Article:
How the China Trade Helped Make America

Amid waves of China bashing in the U.S. presidential election campaign, Eric Jay Dolin, the author of “When America First Met China”, recalls the honeymoon period of Sino-American trade in the early 19th century. From The Daily Beast: Between 1784, when the Empress of China blazed the trail, and the end of the War of 1812, nearly three hundred American ships made a total of 618 voyages to Canton. These ships carried cargoes of ginseng, sea otter and fur seal skins, opium, sandalwood, and Spanish silver dollars, which were used to purchase Chinese tea, silk, porcelain, and other exotic items. […] The China trade was an early engine of American investment. The most prominent and successful China merchants plowed their millions into a wide array of business ventures—including railroads, banks, and mining ventures—that helped build America’s nineteenth-century economic and industrial might. And many China merchants invariably became philanthropists, leaving behind lasting legacies. […] So, when you read the heated, and often overblown news coverage on the tribulations of the modern China trade, bear in mind that we have been trading with China for more than 225 years, and in many ways, that has been a good thing. See more on Sino-U.S. relations via CDT. ...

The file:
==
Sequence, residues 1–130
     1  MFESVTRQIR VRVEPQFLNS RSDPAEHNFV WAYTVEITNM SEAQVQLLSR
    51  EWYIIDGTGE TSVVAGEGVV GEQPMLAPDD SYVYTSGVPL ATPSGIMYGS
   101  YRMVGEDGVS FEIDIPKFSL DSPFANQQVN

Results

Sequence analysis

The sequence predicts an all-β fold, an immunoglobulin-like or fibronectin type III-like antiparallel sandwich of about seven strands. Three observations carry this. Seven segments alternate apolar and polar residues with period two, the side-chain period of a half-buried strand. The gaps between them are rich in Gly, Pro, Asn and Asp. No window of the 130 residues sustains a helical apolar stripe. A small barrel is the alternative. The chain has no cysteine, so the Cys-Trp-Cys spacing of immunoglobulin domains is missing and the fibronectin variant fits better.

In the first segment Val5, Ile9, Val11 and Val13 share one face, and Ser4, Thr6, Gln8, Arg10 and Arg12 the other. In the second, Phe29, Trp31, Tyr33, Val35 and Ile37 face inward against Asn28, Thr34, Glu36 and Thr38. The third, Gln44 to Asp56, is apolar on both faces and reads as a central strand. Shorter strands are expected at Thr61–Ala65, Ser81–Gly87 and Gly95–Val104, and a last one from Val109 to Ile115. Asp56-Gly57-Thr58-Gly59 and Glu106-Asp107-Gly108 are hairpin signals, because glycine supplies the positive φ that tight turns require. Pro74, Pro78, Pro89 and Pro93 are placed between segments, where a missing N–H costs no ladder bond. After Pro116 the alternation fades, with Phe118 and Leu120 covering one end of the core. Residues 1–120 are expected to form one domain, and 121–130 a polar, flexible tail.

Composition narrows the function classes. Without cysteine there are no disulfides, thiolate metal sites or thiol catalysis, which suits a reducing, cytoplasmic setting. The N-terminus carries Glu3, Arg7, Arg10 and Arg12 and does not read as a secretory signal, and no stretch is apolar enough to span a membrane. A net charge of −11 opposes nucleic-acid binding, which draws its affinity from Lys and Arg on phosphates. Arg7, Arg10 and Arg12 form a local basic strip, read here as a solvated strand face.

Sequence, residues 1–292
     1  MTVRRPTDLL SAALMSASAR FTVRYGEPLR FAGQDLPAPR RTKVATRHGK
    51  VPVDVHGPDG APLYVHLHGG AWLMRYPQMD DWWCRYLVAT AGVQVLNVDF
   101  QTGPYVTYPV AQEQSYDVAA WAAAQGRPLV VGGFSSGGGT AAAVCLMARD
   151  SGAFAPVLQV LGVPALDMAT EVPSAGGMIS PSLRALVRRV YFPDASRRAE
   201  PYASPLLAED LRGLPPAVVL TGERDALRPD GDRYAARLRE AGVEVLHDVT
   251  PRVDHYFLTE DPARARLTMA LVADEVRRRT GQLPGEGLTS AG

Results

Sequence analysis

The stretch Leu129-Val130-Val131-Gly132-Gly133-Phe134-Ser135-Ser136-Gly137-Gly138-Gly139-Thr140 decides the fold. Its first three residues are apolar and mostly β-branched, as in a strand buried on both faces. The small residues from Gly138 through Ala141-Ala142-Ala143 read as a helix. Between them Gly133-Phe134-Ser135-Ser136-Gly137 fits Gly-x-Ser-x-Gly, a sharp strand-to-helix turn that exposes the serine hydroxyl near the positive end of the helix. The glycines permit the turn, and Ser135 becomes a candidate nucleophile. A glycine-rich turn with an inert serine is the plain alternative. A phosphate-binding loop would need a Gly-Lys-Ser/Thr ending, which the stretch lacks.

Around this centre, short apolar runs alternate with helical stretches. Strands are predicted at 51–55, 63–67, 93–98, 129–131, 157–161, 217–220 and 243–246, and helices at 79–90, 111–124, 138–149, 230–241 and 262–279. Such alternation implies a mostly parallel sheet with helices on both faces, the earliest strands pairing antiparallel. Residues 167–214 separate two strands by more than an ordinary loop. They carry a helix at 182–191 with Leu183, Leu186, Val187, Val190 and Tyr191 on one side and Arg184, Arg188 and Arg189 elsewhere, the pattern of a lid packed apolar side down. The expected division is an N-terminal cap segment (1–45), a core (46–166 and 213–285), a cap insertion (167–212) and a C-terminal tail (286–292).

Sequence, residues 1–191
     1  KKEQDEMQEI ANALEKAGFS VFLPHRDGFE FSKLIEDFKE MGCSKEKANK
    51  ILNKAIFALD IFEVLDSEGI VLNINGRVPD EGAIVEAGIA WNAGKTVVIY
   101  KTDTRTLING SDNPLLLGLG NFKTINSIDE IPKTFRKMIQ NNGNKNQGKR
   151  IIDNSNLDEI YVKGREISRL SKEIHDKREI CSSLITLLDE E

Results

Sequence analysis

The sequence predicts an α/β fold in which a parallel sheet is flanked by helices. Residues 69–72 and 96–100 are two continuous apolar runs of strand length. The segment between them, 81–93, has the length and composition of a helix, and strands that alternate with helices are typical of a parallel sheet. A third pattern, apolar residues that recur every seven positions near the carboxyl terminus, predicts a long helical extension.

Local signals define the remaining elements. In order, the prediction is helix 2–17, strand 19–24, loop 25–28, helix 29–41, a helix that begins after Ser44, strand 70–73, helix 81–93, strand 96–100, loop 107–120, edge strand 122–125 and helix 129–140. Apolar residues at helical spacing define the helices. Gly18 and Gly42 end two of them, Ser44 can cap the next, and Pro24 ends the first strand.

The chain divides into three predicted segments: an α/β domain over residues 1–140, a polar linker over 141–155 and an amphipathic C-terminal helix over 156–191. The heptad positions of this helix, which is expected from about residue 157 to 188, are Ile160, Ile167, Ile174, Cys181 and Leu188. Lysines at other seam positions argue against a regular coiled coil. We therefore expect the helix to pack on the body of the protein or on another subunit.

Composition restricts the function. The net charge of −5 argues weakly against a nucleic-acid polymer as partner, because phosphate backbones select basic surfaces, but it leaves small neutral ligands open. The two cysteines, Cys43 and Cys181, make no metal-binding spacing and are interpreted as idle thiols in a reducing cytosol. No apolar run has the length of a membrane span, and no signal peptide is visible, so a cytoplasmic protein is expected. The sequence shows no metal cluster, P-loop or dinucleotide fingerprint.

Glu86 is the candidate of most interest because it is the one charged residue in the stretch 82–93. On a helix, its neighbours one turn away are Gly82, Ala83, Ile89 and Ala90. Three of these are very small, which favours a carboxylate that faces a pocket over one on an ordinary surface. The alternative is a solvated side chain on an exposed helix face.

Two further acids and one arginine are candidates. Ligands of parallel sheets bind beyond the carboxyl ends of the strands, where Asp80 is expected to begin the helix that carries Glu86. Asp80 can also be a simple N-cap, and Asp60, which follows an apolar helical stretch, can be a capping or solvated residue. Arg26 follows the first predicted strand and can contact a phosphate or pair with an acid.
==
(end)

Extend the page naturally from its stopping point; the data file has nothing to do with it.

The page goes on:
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One Response to How the China Trade Helped Make America

  1. Will says:

    It is worth pointing out that the US and China are natural trading partners, not natural rivals, much less natural enemies. This is not to say that the two countries have ever been or ever will be among the closest of allies, as the US and Japan seem to have become after WWII, and as the US and Britain became after the scars from the War of 1812 gradually healed.